Steven Soderbergh’s “No Sudden Move,” the director’s second feature shot during the pandemic after “Let Them All Talk” (both distributed by HBO Max), is one of the great American films in recent years, proving that Soderbergh is no doubt one of the greatest American modern filmmakers. This crime-noir begins with a small crime that goes wrong, gets bigger and bigger, then eventually reveals the power structure with its profound social commentary. Like many other great films Soderbergh had made throughout his impressive career such as “Out of Sight,” “Traffic” and “High Flying Bird.”

Set in Detroit in the 1950s when the automobile industry was thriving, “No Sudden Move” is not only about the city but also about the nation that starts to polarize radically in which the corruption comes from the top and the divide between the haves and have-nots increases. We start with Curt (Don Cheadle), who has just been released from prison and needs some cash to get out of town before a powerful criminal mastermind (the great Bill Duke) comes after him, is recruited by a mysterious middleman Mr. Jones (Brendan Fraser) for a “babysitting job” that will pay him very well. He first meets the partner named Ronald (Benicio Del Toro), who is having an affair with a mob boss’ (Ray Liotta) young and beautiful wife (“Uncut Gems” breakout Julia Fox).

Next, the two meet the third team member Charley (the very wild Kieran Culkin), who is in charge of the mission. They break into auto executive Matt’s (David Harbour) house and takes his wife (Amy Seimetz) and kids (Noah Jupe and Lucy Holt) hostage. While Curt and Ronald are “babysitting” the family, Charley escorts Matt to his office and steals a secret document from the safe. But, you’ve already guessed it, everything starts to fall off: there’s betrayal and someone is killed, then policeman (lead by Jon Hamm) involve, forecasting more brutal bloodshed is on the edge of happening.


The brilliant part of Ed Solomon’s (“Men in Black,” “Now You See Me,” and Soderbergh’s groundbreaking HBO series “Mosaic”) script is that the audiences and characters figure out what happen almost at the same time in the most satisfying way you can ever imagine. Your head will spin all along as Curt and Ronald try to connect all the dots, then gradually realize the higher powers behind the curtain are always controlling their lives as well as the entire system. This is where the two mob bosses played by Liotta and Duke respectively come in the world of “No Sudden Move,” and later with an auto top person played by a Soderbergh regular star (it’s a surprise cameo but feel free to guess).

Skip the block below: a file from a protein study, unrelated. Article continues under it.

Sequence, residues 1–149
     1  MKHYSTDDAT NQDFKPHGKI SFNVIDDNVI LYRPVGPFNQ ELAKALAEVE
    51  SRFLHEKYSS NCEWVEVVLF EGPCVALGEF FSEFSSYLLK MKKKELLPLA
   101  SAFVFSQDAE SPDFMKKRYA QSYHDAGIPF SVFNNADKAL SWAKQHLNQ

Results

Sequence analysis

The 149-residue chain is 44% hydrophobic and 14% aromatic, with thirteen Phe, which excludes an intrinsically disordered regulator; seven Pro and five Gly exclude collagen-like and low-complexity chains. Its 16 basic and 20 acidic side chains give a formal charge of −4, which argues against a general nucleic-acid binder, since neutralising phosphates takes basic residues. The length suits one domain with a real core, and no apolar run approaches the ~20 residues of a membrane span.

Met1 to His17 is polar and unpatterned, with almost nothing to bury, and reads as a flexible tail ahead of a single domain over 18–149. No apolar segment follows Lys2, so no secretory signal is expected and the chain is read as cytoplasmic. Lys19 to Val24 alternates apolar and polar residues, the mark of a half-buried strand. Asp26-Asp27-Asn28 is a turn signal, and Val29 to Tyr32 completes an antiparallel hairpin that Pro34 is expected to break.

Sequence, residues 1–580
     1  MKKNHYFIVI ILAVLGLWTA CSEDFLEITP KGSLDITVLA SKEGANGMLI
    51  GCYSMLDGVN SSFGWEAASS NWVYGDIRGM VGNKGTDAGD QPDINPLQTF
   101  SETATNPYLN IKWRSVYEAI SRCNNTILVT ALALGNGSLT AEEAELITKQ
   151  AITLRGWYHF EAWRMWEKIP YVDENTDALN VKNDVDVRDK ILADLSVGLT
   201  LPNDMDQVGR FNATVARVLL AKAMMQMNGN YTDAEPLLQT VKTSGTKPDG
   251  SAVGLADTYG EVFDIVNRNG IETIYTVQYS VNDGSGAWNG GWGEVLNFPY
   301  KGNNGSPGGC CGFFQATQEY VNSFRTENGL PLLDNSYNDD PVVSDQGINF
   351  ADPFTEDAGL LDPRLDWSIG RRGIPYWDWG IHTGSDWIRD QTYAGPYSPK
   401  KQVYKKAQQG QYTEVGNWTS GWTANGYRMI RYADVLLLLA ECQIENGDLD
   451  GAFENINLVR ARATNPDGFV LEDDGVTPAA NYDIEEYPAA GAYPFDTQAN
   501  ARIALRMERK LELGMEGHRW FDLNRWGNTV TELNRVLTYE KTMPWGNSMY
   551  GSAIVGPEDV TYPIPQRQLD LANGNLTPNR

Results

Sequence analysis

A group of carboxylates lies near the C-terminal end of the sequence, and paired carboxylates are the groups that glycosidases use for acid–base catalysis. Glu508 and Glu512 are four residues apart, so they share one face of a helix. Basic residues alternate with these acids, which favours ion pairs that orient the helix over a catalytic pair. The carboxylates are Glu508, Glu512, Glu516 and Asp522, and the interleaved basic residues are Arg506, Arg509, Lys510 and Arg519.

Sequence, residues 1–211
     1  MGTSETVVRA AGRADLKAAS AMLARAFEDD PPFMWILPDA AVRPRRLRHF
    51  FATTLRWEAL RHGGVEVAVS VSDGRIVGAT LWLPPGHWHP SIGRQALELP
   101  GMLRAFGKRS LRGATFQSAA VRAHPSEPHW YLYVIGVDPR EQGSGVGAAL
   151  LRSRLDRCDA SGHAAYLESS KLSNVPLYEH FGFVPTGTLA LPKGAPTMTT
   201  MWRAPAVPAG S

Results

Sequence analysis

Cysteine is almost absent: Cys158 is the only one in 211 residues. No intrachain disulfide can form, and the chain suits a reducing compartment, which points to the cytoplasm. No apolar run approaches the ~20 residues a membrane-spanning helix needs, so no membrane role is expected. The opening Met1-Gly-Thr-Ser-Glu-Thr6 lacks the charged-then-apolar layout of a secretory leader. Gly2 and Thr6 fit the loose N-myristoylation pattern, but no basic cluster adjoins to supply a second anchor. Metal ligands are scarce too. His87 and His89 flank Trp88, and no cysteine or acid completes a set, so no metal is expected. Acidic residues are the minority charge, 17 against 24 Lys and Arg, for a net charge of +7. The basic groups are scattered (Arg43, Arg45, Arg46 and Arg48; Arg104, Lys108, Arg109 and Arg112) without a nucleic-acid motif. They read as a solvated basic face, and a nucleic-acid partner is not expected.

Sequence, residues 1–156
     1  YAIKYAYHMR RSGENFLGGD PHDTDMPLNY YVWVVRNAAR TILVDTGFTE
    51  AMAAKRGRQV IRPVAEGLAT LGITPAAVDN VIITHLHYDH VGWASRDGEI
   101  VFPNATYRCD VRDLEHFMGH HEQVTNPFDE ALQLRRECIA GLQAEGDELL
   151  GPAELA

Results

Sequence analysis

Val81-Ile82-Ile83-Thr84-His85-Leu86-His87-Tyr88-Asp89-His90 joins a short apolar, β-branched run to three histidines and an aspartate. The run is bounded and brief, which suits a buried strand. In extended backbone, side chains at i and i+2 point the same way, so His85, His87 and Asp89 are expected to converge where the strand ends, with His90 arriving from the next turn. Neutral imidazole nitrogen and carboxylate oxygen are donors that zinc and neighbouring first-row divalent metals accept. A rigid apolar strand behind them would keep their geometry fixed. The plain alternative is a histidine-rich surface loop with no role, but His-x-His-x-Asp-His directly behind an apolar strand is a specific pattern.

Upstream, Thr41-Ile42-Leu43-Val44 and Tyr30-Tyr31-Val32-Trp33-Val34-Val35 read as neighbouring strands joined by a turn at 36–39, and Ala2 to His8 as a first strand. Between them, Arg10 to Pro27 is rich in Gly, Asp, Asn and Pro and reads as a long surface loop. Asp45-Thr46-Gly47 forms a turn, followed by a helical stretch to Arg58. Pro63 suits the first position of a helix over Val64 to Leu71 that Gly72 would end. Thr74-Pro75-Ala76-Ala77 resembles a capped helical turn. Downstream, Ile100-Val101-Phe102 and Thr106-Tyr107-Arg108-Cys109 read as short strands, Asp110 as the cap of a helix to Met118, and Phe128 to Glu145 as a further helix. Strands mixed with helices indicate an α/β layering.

Soderbergh has always been one of the most economic filmmakers in history. You won’t able to see any single unnecessary shot or cut in his best works, making his films intense and rich. And as always, under his pseudonym Peter Andrews as cinematographer and Mary Ann Bernard as editor, Soderbergh gives the film a unique visual style. Every cut is right on the beats, and frequently shooting with fisheye lenses and Dutch angles enlarge the frame, as well as the world, the characters live in, immersing the audiences into characters’ emotion and confusion.

The 1950s Detroit is everything about the presents. The cultural insight becomes an urgent interrogation, perhaps humanity doesn’t come as far as we all think it has. With his sharp, essential social commentary, Soderbergh’s return to crime drama is pure joy, a thrilling ride, and a chilling experience. It’s exciting to see an excellent storyteller who is one of the best in his generation revisits his promising land and renews his vision.

GRADE: B+

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  • Distributor: HBO Max and Warner Bros.
  • Production: HBO Max, Warner Bros. and Warner Max
  • Director: Steven Soderbergh
  • Writer: Ed Solomon
  • Producer: Casey Silver
  • Cast: Don Cheadle, Benicio Del Toro, Brendan Fraser, David Harbour, Kieran Culkin, Amy Seimetz, Julia Fox, Noah Jupe, Jon Hamm, Ray Liotta, and Bill Duke
  • “No Sudden Move” premiered at 2021 Tribeca Film Festival. Available on HBO Max on July 1

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